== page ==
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Creative bias: A threat to corporate innovation

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Creative types aren't seen as potential leaders in large corporations. That's why there's an innovation deficit in Corporate America.

As Apple moves forward without Steve Jobs one of the bigger challenges it will face is how to manage the creative process.

The research on how large corporations react to creativity isn't promising. Jennifer Mueller, a management professor at the University of Pennsylvania's Wharton School of Business, has been researching creative bias. Creative bias can be summarized this way:

  • Everyone says they want creativity, but generally they fear it.
  • Creativity is often seen to lead to uncertainty. It's more certain to create incremental improvements over delivering something entirely new.
  • Creative people are often seen as quirky, unfocused and non-conformist. As a result, when a person voices creative ideas she isn't seen as a leader.
  • Corporations squelch creativity and it's difficult to move big ideas through the pipeline.

To combat this creative malaise---which is found at every large company---Apple has Apple University, an internal training program designed to teach employees how to be creative and push innovation forward. In other words, Apple is trying to teach the rank-and-file to think a bit like Jobs.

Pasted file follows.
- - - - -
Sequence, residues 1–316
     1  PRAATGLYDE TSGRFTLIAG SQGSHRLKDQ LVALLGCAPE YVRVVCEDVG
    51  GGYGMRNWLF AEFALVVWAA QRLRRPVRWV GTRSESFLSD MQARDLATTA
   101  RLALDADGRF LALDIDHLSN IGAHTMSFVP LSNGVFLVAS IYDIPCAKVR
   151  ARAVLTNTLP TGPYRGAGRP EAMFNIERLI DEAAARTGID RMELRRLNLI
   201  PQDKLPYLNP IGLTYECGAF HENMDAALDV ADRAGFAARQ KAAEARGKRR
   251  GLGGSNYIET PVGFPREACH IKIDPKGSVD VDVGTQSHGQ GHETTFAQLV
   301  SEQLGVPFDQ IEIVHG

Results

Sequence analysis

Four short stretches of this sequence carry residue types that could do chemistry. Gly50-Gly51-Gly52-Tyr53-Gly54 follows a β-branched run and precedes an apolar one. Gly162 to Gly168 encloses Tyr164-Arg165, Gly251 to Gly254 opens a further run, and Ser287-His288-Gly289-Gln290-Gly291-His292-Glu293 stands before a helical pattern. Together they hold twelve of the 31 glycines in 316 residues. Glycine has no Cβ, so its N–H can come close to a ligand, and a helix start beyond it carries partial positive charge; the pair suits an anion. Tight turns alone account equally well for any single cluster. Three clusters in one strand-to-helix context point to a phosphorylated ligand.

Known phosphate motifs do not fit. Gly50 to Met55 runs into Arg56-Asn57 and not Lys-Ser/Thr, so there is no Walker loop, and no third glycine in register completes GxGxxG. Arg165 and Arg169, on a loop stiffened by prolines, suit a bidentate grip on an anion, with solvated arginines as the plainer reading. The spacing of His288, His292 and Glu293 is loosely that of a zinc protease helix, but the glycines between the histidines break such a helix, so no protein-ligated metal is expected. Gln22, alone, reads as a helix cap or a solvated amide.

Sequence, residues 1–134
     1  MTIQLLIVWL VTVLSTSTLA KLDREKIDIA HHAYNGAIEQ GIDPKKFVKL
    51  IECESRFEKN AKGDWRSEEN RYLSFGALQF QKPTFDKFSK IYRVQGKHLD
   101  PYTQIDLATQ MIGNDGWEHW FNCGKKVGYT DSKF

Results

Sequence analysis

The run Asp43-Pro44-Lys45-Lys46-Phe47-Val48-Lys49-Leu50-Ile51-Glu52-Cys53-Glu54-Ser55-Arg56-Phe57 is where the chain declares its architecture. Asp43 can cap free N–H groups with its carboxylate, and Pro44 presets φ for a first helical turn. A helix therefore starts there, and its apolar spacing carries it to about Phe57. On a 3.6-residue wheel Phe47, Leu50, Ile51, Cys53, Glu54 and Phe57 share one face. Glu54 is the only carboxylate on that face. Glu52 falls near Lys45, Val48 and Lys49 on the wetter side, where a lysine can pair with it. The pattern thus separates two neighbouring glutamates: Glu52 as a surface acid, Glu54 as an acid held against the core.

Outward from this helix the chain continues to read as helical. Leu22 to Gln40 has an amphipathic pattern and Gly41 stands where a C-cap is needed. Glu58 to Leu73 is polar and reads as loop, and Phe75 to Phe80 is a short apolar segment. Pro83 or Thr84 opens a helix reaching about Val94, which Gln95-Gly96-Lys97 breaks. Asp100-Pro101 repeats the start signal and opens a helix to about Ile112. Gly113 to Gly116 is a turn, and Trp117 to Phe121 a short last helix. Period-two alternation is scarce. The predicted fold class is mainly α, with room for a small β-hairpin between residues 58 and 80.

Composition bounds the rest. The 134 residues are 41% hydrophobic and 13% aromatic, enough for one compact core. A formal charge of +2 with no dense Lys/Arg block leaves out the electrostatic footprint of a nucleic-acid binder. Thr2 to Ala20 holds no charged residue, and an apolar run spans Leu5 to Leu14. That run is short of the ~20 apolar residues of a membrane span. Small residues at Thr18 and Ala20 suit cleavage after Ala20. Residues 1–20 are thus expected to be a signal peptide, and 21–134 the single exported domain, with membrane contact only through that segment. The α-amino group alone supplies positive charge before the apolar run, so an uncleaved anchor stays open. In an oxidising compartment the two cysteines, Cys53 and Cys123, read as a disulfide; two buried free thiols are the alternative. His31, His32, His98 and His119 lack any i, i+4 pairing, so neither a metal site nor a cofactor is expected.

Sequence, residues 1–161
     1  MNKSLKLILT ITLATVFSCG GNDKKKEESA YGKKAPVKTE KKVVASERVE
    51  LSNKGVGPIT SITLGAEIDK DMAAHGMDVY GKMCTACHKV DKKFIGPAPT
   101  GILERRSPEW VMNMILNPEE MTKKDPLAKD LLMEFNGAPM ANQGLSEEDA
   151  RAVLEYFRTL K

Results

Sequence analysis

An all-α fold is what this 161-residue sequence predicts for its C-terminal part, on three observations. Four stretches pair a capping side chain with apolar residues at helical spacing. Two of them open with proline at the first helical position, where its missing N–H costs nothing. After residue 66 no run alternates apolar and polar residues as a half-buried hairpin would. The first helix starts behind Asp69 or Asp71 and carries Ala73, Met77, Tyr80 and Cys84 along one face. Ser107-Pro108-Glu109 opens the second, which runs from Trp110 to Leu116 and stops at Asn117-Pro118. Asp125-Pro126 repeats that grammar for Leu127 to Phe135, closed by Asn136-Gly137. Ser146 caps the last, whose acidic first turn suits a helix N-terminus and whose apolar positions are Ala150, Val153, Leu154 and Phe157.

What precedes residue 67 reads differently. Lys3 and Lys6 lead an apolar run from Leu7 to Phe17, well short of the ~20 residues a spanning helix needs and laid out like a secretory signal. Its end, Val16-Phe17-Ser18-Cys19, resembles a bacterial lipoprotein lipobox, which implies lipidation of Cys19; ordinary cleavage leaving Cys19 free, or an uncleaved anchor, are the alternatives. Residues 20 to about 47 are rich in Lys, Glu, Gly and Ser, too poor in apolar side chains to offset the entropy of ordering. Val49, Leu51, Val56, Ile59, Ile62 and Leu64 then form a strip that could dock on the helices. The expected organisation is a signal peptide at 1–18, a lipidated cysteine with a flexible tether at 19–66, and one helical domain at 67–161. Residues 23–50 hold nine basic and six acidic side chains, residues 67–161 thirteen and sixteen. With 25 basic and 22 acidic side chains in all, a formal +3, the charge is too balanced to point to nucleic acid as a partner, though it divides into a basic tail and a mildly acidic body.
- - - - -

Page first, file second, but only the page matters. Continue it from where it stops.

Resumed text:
"If you have a charismatic leader creativity matches the CEO stereotypes," said Mueller. "Anything out of Jobs mouth was seen as evidence that he was a visionary. The average person through the ranks may not have been awarded for being creative. The question I have is whether a person coming up through a large organization has the chops to continue to be creative."

Also see: Steve Jobs: Immortal by designSteve Jobs: seven ways he taught us to 'think different'ZDNet: Replicating Steve: Can Apple recreate Jobs' intangibles?

Mueller also added that "corporate culture is designed to squash creativity." Jobs was able to create big ideas and then garner market acceptance.

So what's the fix? Mueller said the first step toward curing creative bias is to recognize it exists. Once executives realize that creativity and innovation can be uncomfortable they can work through processes to compensate for it. "It's a complex push and pull," said Mueller. "The new research is grim, but it's important that organizations figure out creative bias."

Mueller's research is worth a read. You may recognize a company near you in these studies.

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Larry Dignan

Editor-in-Chief

Editor-in-Chief Larry Dignan is editor-in-chief of SmartPlanet and ZDNet. He is also editorial director of TechRepublic. Previously, he was an editor at eWeek, Baseline and CNET News. He has written for WallStreetWeek.com, Inter@ctive Week, New York Times and Financial Planning. He holds degrees from the Columbia University Graduate School of Journalism and the University of Delaware. He is based in New York but resides in Pennsylvania. Follow him on Twitter. Disclosure